dates for a senior membership on the i
Student council, six candidates for a in the Natural Science auditorium.
junior membership, and 12 candidates Sir Frederick is also to give the
for membership in each college coun- Commencement address, as Vwas an-
cil, must be chosen. These numbers nounced recently.
will be augmented by the addition of The speaker has just completed his
those whose petitions are accepted term of five years as head of the In-
during the following week. dian legislature, and is now on his
In addition to arranging the sche- way home, having visited Java, Su~-
dule of election preliminaries, the matra, and Australia. His work in
council last night announced the se- India consisted in teaching the assem-
lection of the faculty and student bly the parliamentary methods of
speakers at Cap night, which will be Great Britain. While there lhe im-
held on May 14 at Sleepy Hollow. pressed the members of the legisla-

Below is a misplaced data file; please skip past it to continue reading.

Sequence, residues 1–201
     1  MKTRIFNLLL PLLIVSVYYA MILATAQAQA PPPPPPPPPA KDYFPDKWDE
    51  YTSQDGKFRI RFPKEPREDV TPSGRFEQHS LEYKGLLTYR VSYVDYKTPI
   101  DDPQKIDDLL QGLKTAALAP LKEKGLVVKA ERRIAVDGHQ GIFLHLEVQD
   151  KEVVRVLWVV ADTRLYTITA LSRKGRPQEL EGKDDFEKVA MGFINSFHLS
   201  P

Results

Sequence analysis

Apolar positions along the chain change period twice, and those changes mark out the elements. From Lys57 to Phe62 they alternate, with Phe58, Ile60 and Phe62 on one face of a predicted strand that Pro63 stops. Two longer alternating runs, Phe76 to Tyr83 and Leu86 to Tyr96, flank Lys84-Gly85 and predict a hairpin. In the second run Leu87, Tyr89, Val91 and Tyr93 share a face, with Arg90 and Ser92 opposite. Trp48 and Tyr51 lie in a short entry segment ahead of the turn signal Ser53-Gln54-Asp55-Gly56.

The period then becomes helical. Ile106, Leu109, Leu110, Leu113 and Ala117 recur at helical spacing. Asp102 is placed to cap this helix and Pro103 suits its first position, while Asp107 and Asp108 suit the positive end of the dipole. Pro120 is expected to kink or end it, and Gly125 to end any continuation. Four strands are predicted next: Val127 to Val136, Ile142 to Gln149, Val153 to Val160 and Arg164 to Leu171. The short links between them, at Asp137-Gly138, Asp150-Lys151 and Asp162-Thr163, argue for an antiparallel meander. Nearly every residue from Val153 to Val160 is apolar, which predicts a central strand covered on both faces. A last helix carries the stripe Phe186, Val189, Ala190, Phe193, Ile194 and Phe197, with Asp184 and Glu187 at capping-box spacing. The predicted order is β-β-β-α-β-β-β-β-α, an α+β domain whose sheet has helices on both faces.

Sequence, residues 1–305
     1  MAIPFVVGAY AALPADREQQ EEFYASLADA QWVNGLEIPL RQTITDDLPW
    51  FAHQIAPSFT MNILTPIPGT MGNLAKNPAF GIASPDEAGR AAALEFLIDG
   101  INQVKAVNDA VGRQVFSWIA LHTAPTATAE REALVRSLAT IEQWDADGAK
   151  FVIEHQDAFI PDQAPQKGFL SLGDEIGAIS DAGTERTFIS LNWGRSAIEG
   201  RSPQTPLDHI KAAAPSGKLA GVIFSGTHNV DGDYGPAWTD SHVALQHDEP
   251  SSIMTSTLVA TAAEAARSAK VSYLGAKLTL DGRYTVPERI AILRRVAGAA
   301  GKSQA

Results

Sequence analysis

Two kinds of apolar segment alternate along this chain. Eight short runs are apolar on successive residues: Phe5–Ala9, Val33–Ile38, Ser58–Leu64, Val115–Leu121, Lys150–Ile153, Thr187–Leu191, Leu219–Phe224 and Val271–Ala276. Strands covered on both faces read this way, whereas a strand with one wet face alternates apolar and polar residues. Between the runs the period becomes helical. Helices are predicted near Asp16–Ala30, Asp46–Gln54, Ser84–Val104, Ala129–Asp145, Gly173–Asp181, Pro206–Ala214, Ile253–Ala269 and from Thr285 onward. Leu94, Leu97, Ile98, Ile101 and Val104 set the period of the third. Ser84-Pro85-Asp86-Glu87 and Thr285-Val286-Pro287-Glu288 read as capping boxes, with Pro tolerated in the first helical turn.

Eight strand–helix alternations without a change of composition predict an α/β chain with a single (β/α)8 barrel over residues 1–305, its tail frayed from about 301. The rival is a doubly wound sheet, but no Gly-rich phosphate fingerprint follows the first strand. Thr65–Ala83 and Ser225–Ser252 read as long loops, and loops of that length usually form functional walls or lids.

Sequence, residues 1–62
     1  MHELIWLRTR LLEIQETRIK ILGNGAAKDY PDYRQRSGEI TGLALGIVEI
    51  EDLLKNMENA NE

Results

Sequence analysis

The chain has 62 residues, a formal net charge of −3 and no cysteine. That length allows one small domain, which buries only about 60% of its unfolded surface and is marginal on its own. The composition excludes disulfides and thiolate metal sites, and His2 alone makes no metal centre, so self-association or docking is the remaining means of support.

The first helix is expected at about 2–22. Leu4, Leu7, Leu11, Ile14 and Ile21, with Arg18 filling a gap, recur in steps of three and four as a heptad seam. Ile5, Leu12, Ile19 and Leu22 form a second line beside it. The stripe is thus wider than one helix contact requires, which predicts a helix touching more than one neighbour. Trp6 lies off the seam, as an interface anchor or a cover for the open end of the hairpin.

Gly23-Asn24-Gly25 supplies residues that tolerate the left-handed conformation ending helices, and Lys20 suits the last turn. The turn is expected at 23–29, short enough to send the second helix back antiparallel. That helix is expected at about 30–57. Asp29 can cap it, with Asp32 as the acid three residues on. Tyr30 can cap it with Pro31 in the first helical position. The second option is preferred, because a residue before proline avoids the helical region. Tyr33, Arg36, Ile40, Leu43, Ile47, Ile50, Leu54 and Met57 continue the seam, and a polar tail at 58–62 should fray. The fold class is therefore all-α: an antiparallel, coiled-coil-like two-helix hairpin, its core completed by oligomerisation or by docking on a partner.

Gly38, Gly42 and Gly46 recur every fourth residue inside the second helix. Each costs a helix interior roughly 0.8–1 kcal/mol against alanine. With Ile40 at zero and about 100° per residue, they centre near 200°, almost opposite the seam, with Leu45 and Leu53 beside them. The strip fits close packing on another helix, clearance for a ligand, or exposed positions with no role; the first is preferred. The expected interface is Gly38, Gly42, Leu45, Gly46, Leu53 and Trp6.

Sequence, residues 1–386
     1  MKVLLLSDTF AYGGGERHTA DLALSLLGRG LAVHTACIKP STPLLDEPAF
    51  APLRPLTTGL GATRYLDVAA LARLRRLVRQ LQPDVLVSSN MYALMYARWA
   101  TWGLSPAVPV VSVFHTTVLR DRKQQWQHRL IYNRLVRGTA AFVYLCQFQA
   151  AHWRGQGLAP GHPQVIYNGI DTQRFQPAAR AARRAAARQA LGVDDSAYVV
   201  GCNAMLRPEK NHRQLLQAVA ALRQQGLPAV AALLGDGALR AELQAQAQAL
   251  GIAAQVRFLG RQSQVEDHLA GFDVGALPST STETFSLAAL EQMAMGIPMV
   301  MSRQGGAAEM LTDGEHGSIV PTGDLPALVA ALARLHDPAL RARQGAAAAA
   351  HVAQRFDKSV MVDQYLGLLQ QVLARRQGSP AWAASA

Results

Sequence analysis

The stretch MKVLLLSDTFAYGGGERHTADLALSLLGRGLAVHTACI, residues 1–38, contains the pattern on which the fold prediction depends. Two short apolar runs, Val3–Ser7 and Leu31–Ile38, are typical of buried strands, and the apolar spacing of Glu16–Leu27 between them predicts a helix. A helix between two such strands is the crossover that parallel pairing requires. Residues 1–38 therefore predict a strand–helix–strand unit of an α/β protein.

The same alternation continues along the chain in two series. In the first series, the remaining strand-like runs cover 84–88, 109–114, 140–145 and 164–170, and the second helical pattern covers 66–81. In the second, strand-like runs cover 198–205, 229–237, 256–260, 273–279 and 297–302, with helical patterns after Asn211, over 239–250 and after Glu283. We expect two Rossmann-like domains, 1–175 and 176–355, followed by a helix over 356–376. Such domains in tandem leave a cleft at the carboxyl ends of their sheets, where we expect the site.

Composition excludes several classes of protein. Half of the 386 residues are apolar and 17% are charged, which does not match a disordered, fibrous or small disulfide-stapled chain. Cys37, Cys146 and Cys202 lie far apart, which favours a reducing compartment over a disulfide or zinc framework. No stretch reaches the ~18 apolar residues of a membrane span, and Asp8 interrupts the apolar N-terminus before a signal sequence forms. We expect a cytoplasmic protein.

8hirleV W. Smith, secretary of the E ture with his strong character, and
University, and William B. Cu'llip, showed a remarkable grasp of the
'26L, will represent the faculty and affairs of the Empire, according to
student body respectively. The alum- Prof. Claude H. Van Tyne, of the his-I
iii speaker will be announced next tory department, who is in charge of
Tuesday. the lectures. "He is a, young man, of
great prominence, and a real states-
man," Professor Va'i Tyne said.
S$m ates In Sir Frederick is a liberal, and rep-
resented his party in Parliament from
lht M ock Election 1910 to 1918. He graduated from Ed-
inburgh university, where he was
granted the degree of Master of Arts.
Alberta i. Olson will ill the wonma IHe was for a short time a lecturer at
Alberta1J. Olon witlfell te woma
position of similar type. the Sorbonne in Paris, and later went
Harold A. Marks, despite the fact to Budapest and Vienna as a special
that lie has separated from the class commissioner on industrial insurance.
to enter the realm of law, was still After serving as a lieutenant of the
s sRoyal Naval Volunteer Reserves dur-